Bernard E. Harcourt | Epilogue: Frank Speech and Contemporary Critical Thought

By Bernard E. Harcourt 

Thank you, Judith Revel, Sharon Marcus, and John Rajchman, for brilliant presentations that take us to the core of these 1983 lectures: the relationship between the study of ancient parrhesia and the task of contemporary critical thought. Let me address the interventions in reverse order.

John Rajchman challenges us to delineate, with greater clarity, the political project in these 1983 lectures, despite Foucault’s “difficult legacy”—that difficult legacy being, in effect, the lack or absence of political or ethical imperatives by contrast to someone like Kant, also at the heart of our conversation, who so forcefully advanced categorical imperatives.

In his presentation, John Rajchman underscores the dramatic changes and shifts in the political environment over the course of the entire lecture series at the Collège de France: from 1971 or ’72 when the repressive French state was so overwhelmingly present that it could be seen just by opening one’s eyes—recall, “no introduction, one need only open one’s eyes”—to the period of these lectures, 1982-1983, marked instead by a muted political climate and a deafening silence of intellectuals—a ‘present’ marked by ‘de-politicization’ and ‘de-solidarization.’

It is in the context of these changing political circumstances that Foucault’s political and critical theoretic project shifts toward the object of parrhesia—and this is John’s brilliant insight, that politics and truth follow similar paths. John helps us to discern how this new political object, this political praxis, this risky truth-telling, comes into existence, in the very same way that (as John writes) “at a specific time and place some things rather than others become up-for-grabs as true or false, by whom, for whom, through what practices and consequences.”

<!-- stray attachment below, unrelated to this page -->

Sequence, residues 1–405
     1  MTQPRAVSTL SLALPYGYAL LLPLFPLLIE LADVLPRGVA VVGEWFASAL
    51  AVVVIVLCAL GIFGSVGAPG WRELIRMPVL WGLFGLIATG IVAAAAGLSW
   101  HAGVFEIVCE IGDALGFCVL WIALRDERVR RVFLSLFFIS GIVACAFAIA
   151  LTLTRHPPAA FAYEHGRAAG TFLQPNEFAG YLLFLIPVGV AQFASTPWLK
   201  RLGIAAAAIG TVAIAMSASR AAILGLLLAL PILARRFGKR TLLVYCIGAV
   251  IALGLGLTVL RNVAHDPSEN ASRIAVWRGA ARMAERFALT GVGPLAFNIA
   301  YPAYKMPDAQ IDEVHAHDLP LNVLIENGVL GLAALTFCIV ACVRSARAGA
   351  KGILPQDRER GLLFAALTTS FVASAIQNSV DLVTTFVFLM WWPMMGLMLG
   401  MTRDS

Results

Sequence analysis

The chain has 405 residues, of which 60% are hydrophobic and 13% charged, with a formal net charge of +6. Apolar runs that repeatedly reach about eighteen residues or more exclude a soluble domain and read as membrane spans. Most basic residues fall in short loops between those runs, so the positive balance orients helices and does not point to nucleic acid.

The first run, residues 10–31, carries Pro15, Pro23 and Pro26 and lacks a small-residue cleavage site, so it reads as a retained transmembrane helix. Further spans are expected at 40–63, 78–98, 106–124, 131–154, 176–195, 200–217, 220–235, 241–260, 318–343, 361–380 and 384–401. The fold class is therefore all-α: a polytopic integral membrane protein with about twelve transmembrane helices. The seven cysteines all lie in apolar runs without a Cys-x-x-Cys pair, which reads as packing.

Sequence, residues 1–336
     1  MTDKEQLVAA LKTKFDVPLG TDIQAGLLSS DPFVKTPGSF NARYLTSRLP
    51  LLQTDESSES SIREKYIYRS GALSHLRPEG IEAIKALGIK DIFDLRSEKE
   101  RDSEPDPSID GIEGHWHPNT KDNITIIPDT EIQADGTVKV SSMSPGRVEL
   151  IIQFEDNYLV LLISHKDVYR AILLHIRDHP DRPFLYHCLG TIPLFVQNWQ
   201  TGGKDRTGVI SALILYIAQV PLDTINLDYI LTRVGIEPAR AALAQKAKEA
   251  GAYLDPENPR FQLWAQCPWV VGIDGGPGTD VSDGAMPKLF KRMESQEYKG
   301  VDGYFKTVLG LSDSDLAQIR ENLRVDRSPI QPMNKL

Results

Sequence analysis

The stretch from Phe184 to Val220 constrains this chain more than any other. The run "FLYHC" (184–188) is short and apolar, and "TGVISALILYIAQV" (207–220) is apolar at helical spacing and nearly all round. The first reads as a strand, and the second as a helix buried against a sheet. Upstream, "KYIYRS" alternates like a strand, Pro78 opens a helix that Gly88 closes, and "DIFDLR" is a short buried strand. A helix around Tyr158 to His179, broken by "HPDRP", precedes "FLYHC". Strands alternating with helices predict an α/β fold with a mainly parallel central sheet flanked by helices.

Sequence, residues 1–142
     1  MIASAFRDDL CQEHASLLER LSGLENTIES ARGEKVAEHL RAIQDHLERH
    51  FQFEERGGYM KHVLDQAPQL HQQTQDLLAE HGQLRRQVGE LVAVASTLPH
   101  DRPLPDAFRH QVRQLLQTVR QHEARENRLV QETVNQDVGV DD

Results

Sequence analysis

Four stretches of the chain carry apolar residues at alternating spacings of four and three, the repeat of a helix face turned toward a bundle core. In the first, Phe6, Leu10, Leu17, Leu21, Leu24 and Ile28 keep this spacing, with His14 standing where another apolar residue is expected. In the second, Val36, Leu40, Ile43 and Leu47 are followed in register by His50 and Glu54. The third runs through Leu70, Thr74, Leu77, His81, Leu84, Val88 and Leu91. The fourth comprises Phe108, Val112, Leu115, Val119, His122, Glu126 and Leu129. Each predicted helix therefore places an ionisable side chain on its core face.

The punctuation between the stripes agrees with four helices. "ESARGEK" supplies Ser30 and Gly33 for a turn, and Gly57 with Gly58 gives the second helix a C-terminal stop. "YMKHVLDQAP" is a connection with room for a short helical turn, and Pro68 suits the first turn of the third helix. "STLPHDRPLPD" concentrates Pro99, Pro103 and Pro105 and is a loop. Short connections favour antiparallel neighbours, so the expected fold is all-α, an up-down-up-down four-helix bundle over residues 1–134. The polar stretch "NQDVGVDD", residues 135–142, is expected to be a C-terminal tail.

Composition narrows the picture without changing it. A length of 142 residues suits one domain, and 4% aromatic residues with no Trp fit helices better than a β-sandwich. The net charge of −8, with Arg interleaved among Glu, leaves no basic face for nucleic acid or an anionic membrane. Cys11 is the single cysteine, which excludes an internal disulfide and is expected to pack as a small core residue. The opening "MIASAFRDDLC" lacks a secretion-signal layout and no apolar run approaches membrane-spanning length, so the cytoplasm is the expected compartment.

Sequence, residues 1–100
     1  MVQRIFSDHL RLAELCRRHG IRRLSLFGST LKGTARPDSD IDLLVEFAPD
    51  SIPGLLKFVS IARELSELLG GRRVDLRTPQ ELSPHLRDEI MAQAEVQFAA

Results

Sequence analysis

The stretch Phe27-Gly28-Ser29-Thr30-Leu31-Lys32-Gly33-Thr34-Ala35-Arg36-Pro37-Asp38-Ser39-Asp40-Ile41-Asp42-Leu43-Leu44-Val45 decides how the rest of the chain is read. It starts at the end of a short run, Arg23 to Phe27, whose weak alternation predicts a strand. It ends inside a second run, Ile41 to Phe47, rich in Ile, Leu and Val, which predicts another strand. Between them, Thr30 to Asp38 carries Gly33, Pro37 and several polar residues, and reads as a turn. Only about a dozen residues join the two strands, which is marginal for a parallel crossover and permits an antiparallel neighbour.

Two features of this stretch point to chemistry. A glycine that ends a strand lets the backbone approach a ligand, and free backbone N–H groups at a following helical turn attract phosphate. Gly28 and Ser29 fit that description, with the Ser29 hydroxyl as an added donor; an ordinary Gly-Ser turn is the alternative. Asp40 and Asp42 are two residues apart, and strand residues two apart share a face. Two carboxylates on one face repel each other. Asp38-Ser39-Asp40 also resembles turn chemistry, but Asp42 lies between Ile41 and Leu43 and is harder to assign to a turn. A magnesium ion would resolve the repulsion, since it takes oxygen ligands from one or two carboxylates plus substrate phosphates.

So we need to read these lectures on parrhesia as Foucault’s answer to the problem of de-politicization of intellectuals. Foucault is offering in these lectures a way forward, one that is all about in-servitude and disobedience. The “critical philosophy” that Foucault has on offer, and which draws on Kant’s essay, is to think through the present through the praxis of risky speech that confronts others.

The end of the lecture on 2 February 1983 captures this best, on page 184 of the English edition, page 168 of the French edition. The dominant kinds of responses to the political problems of the present, the dominant kinds of responses offered by democratic theory, fall into three categories:

  • The use of checks and balances as a way to contain power and factionalism—what Foucault refers to as “the distribution of power” and “the autonomy of each in the exercise of power;”
  • The passage of FOIA-type statutes and sunshine laws; or the Open Data movement today, or even État Lab in France today, the most recent digital iteration of the democratic openness and transparency movements—what Foucault refers to as “transparency and opacity” (for, as we know, transparency is always joined at the hip by opacity); or
  • The turn to civil society as check on the state—what Foucault refers as “the relation between civil society and the State.” (GSO, p. 184)

These are not what Foucault proposes, no not at all. Foucault cannot be inscribed in the liberal democratic turn that is popular in France at that moment, particularly among French intellectuals like Pierre Rosanvallon, Marcel Gauchet, Pierre Manent, —and that Steve Sawyer has been studying so insightfully in his new book, In Search of the Liberal Moment. Here too, we might return again to our discussion last seminar, and the passage in The Hermeneutics of the Subject, on page 209, where Foucault reveals his apparent contempt for some intellectuals, some contemporaries: “The great converts today are those who no longer believe in revolution.” “We only convert,” he said in 1982, you will recall, “to renunciation of revolution.”